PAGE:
• Politics
    The Independent

    Ted Cruz ‘traitor’ billboards go up in his Texas neighbourhood

    Activist group says Ted Cruz and Josh Hawley ‘deserve most blame for firing up violent mob of Trump supporters that attacked US Capitol and killed five people’

  • Celebrity
    Harper's Bazaar

    Meghan Markle Reveals to Oprah Why She and Prince Harry Are Speaking Out Now

    "I couldn't have said yes to you [previously]. That wasn't my choice to make," the duchess says in a new clip from her sit-down interview with Oprah Winfrey.

  • Entertainment
    USA TODAY Entertainment

    'Jeopardy!' exclusive: Who's new guest host Mike Richards? Who's next? And how soon will the show replace Alex Trebek?

    Ken Jennings has wrapped up his six-week guest hosting stint on "Jeopardy!" Who's next, and how will the show replace Alex Trebek?

  • Health
    The Canadian Press

    What you need to know about Johnson & Johnson's approved single-dose vaccine

    Canada added a single-dose COVID-19 vaccine to its pandemic-fighting arsenal on Friday, approving Johnson & Johnson's product a week after it was authorized in the United States. That gives Canada four distinct vaccines — along with Pfizer-BioNTech, Moderna and Oxford-AstraZeneca — and it adds flexibility to the country's plan to immunize the majority of its residents by September. Health Canada includes a fifth vaccine, Covishield, which is a separate brand name for doses of the AstraZeneca product made at the Serum Institute of India. The U.S.-based Food and Drug Administration (FDA) approved the Johnson & Johnson vaccine for emergency use on Feb. 27. Canada has already secured 10 million doses of the Johnson & Johnson vaccine through previous negotiations with the company, with the option to buy another 28 million. The 10 million pre-purchased doses will be delivered before September, but they're not expected to start flowing into Canada until at least April. Here's what we know about the Johnson & Johnson vaccine: HOW EFFECTIVE IS IT? Johnson & Johnson announced promising results from its Phase 3 clinical trials at the end of January, suggesting its vaccine reduced severe COVID-19 disease by 85 per cent, and prevented 100 per cent of COVID-related hospitalization or death. The vaccine had a 72 per cent efficacy in preventing COVID infections after 28 days in the company's U.S. trials. The efficacy dropped to 66 per cent when averaging in results from other global trials, including a South African study that factored in more transmissible variants of the COVID virus. An FDA report last month said the vaccine was 64 per cent effective in preventing infection in South Africa about a month after the vaccines were administered. Pfizer and Moderna showed 95 per cent efficacy in their respective trials, but those were both tested against previous dominant strains of the virus and didn't account for the variants that have popped up since. Pfizer, Moderna and AstraZeneca also had zero hospitalizations and deaths in their trials. The FDA report said the Johnson & Johnson vaccine was similarly effective across age, race and people with comorbidities. The agency added that effectiveness appeared to be lower (42.3 per cent after one month) in people over 60 with comorbidities such as diabetes or heart disease. WHAT ARE THE BENEFITS OF THIS VACCINE? The potential ease of distribution offered by a one-and-done shot, and its ability to be stored in a regular fridge are among its biggest strengths. Vaccines from Pfizer, Moderna and AstraZeneca all require two doses. Johnson & Johnson's vaccine can be stored in a regular fridge for up to three months, the company says. Pfizer's vaccine initially required ultra-cold storage temperatures between -60 C and -80 C, though Health Canada said this week it could be stored in a regular freezer for up to 14 days. Moderna's vaccine can also be stored at regular freezer temperatures while AstraZeneca can be stored in a fridge. WHAT KIND OF VACCINE TECHNOLOGY IS USED? Unlike the mRNA technology used in Pfizer and Moderna's products, Johnson & Johnson is a non-replicating viral vector vaccine similar to AstraZeneca's. That means it uses a different harmless virus, which can't copy itself, as a vector to give our cells the instructions they need to make the coronavirus's spike protein. The immune system recognizes the protein and makes antibodies, which then allow us to fend off attack from the same virus if exposed in the future. WERE THERE ANY SIDE EFFECTS NOTED? No specific safety concerns were identified in participants of the trials, regardless of age, race and comorbidities. Dr. Supriya Sharma, Health Canada's chief medical adviser, said in a press conference Friday that almost 20 per cent of participants in the Johnson & Johnson trials were 65 years of age and older, and "no differences in safety or efficacy were seen compared to the younger groups." The FDA said the most common reported side effects were headache and fatigue, followed by muscle aches, nausea and fever. This report by The Canadian Press was first published March 5, 2021. Melissa Couto Zuber, The Canadian Press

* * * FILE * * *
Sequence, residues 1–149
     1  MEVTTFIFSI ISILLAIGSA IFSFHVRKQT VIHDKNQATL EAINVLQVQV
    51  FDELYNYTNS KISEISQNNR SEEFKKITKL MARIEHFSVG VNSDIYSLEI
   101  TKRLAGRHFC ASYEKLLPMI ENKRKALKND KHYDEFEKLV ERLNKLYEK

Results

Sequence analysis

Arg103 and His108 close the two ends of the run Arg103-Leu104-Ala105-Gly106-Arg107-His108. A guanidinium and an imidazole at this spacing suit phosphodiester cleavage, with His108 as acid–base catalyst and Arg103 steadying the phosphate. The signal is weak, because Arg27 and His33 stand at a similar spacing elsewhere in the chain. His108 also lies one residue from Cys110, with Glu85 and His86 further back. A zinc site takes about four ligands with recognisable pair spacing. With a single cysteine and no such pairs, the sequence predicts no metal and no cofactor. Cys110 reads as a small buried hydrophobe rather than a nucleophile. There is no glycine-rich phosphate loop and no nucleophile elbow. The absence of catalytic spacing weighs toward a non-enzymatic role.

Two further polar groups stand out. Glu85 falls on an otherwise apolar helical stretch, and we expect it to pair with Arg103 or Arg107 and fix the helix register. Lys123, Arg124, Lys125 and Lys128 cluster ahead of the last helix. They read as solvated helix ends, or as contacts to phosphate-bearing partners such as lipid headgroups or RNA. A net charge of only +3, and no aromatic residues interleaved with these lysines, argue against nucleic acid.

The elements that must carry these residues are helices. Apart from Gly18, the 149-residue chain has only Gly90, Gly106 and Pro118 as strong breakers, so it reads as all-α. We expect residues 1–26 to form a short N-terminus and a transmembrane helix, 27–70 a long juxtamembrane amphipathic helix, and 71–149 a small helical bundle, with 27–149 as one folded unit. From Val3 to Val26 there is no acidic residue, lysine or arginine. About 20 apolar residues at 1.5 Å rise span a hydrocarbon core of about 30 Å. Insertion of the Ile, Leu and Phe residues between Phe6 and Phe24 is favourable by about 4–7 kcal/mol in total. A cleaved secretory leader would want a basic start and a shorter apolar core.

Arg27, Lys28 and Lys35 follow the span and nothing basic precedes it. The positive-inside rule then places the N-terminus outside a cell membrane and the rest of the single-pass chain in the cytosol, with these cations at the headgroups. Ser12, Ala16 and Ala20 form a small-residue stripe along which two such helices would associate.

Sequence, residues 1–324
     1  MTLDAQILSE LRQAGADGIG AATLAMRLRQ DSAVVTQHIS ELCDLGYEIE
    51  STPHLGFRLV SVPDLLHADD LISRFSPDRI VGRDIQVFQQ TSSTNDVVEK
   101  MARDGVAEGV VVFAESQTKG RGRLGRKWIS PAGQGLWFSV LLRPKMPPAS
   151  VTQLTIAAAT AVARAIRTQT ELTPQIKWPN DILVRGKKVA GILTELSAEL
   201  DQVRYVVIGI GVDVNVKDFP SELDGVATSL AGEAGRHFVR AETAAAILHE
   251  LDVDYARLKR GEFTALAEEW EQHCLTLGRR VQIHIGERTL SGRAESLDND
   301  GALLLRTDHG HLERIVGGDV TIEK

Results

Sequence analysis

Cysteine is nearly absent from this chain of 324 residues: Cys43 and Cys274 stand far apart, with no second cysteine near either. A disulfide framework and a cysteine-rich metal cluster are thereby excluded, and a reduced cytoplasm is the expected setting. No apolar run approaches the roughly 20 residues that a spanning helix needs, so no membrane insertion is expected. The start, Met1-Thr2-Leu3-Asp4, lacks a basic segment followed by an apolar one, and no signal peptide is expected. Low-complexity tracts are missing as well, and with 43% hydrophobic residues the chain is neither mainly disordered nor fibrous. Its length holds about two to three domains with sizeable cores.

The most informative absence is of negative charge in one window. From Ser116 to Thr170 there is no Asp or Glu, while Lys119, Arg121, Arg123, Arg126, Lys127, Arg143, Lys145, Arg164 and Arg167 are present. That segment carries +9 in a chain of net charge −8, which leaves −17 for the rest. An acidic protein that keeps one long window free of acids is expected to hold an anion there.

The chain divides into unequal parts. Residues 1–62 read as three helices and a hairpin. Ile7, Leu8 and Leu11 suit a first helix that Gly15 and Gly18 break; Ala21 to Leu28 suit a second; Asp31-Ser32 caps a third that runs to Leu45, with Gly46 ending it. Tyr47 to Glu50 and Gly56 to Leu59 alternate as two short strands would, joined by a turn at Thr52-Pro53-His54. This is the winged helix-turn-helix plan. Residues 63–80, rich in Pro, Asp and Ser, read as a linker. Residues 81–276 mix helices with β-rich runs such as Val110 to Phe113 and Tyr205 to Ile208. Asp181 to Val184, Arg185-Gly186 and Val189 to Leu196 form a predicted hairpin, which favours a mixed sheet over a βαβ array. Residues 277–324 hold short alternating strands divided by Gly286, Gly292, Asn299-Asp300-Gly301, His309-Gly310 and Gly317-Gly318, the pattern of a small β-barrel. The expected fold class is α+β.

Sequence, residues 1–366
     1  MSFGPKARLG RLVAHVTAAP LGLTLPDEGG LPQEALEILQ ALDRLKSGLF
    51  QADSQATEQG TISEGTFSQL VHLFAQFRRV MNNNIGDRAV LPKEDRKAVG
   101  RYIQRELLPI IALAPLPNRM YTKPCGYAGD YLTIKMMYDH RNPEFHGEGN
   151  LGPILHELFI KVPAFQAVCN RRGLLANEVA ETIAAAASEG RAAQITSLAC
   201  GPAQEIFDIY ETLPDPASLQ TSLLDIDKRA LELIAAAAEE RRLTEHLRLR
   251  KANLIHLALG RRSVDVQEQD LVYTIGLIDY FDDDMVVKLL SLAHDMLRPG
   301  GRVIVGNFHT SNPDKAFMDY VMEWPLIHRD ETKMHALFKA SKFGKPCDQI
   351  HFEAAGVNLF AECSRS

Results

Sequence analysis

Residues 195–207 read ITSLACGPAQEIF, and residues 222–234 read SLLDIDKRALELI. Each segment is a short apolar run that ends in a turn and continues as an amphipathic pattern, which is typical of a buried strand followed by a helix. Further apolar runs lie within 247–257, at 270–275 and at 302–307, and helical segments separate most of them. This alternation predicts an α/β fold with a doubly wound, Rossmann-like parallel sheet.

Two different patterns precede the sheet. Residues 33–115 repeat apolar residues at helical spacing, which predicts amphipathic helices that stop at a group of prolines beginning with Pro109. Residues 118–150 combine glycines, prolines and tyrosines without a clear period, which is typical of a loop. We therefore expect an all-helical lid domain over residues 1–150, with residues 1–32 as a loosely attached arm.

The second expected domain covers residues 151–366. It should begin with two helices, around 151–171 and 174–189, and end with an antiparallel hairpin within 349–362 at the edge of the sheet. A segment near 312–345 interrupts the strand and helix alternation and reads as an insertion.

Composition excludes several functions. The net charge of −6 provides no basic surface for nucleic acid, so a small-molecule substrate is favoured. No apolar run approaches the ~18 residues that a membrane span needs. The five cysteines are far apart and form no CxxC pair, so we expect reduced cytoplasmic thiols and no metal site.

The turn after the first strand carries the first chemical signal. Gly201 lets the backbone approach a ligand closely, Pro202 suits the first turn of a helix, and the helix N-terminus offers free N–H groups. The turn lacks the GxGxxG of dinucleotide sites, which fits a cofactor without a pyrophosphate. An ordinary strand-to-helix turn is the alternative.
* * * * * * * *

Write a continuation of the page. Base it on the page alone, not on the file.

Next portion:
• Entertainment

    A definitive ranking of all the Avengers, from least to most powerful

    We ranked every hero in the MCU using evidence from the 23 films - but necessary adjustments were made following the chaotic events of "WandaVision."

  • Politics
    Business Insider

    A CA Democrat compiled a report of social media posts by GOP lawmakers who voted to overturn the 2020 election - including 177 pages on Paul Gosar

    The longest section of the report is Arizona at 257 pages, with 177 pages listing social media activity by Rep. Paul Gosar, a Republican from Arizona.

  • News

    Dad Goals! Anderson Cooper and Andy Cohen's Cutest Moments Together with Their Kids

    Cohen, who welcomed son Benjamin Allen in February 2019, and Cooper, who welcomed son Wyatt Morgan in April 2020, are best friend and dad goals